Mexico’s ultra-violent Zetas drug cartel has made connections and collaborated with U.S. gangs throughout the United States since at least 2010, a leaked, confidential FBI document revealed.

The FBI intelligence bulletin, published by the free information group Public Intelligence, showed that the Zetas have formed strong bonds with gangs of both Mexican and non-Mexican Americans to facilitate drug trafficking and enforcement on both sides of the border. The presence of Zetas-linked gangs is especially prominent along Texas’ southwest border and in Houston.

“The FBI judges with high confidence that Los Zetas will continue to increase its recruitment efforts and establish pacts with non-military trained, non-traditional associates to maintain their drug trafficking and support operations,” the report stated.

Experts argued that this move is a natural progression of the inroads Mexico’s cartels have made in the U.S. and other parts of the world. Associates of Mexico’s cartels already have a large presence in major U.S. drug trafficking hubs such as Chicago, Houston and Atlanta.

“They are trying to distance themselves from the middlemen,” said Adam Isacson, a senior associate from the Washington-based think tank the Washington Office on Latin America (WOLA). “We’ve seen this happening in the Andes and now it’s happening on our side of the border.”

The FBI bulletin revealed a 2010 Zetas deal with the Texas-based prison gang, the Mexican Mafia, to collect debts, carry out hits and traffic drugs in and through Laredo, Texas. The Zetas also bought AK-47 assault rifles from the Houston-based street gang Tango Blast and attempted to recruit a number of American citizens to join the cartel’s war against the Gulf Cartel.

This attempt to enlist American gang members into one of Mexico’s top drug cartels indicates that the Zetas have started to rely on non-traditional, non-military trained associates. Originally made up of former members of Mexico’s Special Forces, the Zetas are the former paramilitary-wing of the Gulf cartel and considered to be one of two dominant cartels in Mexico, along with Joaquín “El Chapo” Guzmán's Sinaloa cartel.

“It’s puzzling that they recruit non-trained people,” said Peter Hakim of the president emeritus of the Washington-based think tank, the Inter-American Dialogue. “They would want people who were well-trained and knew how law enforcement works. Maybe they are hiring people for jobs that do not require the skilled use of firearms or deadly tactics.”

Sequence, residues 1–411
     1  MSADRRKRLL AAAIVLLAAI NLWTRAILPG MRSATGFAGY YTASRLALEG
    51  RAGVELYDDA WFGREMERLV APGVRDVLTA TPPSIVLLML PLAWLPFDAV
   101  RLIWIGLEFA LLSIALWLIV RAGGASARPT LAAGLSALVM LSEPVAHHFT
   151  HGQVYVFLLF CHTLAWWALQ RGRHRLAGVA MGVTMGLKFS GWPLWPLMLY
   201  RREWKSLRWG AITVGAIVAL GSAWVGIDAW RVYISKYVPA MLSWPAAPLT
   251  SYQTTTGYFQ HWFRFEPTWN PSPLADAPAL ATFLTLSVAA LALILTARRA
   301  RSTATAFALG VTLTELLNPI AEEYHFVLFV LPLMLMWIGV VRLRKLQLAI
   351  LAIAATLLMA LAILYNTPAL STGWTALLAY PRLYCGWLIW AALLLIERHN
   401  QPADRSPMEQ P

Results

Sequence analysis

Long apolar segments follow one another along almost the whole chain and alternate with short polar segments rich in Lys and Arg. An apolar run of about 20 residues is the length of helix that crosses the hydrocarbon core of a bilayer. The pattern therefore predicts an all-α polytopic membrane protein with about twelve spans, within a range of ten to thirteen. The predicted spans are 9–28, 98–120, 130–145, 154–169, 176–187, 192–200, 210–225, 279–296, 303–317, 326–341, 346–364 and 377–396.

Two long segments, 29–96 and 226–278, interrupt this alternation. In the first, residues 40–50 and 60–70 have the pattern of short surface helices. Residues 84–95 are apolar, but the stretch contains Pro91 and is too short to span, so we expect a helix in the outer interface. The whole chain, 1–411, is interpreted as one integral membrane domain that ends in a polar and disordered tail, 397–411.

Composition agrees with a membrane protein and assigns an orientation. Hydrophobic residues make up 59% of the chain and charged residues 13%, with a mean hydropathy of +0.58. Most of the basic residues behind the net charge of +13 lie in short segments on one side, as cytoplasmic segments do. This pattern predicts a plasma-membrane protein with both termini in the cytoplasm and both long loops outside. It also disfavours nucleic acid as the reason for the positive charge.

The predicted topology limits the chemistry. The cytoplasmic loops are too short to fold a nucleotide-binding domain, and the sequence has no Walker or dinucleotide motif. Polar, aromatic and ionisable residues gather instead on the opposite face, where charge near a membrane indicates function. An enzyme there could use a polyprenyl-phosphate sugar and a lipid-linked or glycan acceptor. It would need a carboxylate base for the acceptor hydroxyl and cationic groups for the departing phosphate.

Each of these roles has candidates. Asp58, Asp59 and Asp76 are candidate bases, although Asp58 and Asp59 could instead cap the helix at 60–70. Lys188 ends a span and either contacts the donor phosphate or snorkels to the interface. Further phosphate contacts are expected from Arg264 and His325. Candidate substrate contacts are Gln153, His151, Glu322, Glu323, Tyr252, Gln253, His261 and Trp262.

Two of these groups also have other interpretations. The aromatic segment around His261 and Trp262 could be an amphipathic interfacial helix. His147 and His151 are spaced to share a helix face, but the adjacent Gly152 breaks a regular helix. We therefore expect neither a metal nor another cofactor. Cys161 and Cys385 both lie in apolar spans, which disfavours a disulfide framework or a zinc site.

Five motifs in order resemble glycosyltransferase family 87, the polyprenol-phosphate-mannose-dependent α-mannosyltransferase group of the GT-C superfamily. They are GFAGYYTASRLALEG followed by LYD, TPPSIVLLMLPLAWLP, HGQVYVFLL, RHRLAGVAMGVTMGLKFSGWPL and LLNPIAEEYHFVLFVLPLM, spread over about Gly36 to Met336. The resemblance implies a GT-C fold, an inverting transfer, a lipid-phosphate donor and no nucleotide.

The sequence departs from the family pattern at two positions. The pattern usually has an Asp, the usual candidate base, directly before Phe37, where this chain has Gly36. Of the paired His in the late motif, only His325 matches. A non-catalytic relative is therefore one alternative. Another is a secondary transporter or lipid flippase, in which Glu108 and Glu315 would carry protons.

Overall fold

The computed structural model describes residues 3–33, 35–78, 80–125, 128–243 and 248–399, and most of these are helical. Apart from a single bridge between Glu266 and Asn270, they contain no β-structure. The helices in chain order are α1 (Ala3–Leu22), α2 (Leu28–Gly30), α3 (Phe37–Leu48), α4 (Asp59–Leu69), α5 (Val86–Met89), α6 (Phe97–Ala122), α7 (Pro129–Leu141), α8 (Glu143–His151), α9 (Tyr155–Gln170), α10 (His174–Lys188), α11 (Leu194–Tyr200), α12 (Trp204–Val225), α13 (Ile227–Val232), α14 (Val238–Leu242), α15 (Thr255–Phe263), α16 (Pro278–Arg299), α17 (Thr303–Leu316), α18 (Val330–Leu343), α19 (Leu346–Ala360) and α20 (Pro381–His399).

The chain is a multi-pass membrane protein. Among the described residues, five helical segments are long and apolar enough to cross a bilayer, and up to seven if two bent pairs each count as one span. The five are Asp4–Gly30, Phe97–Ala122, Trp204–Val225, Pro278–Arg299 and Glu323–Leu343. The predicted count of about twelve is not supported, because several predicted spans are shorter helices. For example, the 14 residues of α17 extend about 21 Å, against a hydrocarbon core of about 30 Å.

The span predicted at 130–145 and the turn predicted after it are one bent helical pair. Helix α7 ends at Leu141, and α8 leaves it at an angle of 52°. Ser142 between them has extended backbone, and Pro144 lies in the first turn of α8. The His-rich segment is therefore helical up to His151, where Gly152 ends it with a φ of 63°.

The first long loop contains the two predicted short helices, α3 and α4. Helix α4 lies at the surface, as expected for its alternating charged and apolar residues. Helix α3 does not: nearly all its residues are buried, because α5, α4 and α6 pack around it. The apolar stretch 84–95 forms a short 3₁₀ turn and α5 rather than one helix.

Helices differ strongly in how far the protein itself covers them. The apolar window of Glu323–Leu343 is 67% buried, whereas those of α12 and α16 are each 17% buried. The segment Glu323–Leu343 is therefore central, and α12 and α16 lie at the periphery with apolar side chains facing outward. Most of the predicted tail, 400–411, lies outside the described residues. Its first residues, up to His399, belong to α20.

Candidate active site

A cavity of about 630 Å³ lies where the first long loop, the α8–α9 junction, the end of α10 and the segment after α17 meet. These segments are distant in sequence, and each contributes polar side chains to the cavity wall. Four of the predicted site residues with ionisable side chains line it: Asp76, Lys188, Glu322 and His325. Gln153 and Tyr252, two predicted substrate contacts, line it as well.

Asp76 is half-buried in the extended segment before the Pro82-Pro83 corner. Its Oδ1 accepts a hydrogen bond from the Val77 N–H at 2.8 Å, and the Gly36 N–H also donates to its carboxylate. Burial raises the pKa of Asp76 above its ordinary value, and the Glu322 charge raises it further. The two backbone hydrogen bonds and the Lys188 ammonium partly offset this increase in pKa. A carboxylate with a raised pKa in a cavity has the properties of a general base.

There are also rumors that the Zetas have been weakened due to a split into two rival factions that are battling for control of the central states of Zacatecas and San Luis Potosi, as well as for parts of Yucatan peninsula. While authorities have not confirmed the split, local media and some experts claim that there is enough evidence of internal strife within the Zetas.

"If it is true, a split would likely hinder the ongoing attack on Sinaloa groups and strongholds, as Zeta groups turned on each other," Shannon O'Neil, a Douglas Dillon Fellow for Latin America Studies at the Council of Foreign Relations, told Fox News Latino. "With this different dynamic, it is unclear that the levels of violence would change – killings would continue, the 'teams' and actors may have shifted."

While the Colombian drug cartels of the 1980s and 1990s made wide connections throughout the U.S., these reports indicate that Mexican cartels have stepped up their efforts to take a more central role in the trafficking of their products north of the border.

A wide-ranging Associated Press review, released earlier this month, of federal court cases and government drug-enforcement data, plus interviews with many top law enforcement officials, indicate the groups have begun deploying agents from their inner circles to the U.S. Cartel operatives. They are also suspected of running drug-distribution networks in at least nine non-border states, often in middle-class suburbs in the Midwest, South and Northeast.

"It's probably the most serious threat the United States has faced from organized crime," said Jack Riley, head of the Drug Enforcement Administration's Chicago office.

Besides the U.S., Mexican cartels – particularly the Sinaloa group – have expanded their operations across the globe.

The U.S. Drug Enforcement Agency (DEA) recently announced documented links between Mexican cartels and criminal groups in Mozambique, the Democratic Republic of the Congo, Ghana, and Nigeria. The Sinaloa Cartel is also known to have ties not only in Europe but throughout Latin America, Africa, Asia and Australia, where a booming trade has developed in the country’s cities.

“It’s not surprising,” Isacson said of the cartel expansion around the globe. “The power of the Mexican cartels keeps growing both upstream and downstream.”

The Associated Press contributed to this report.

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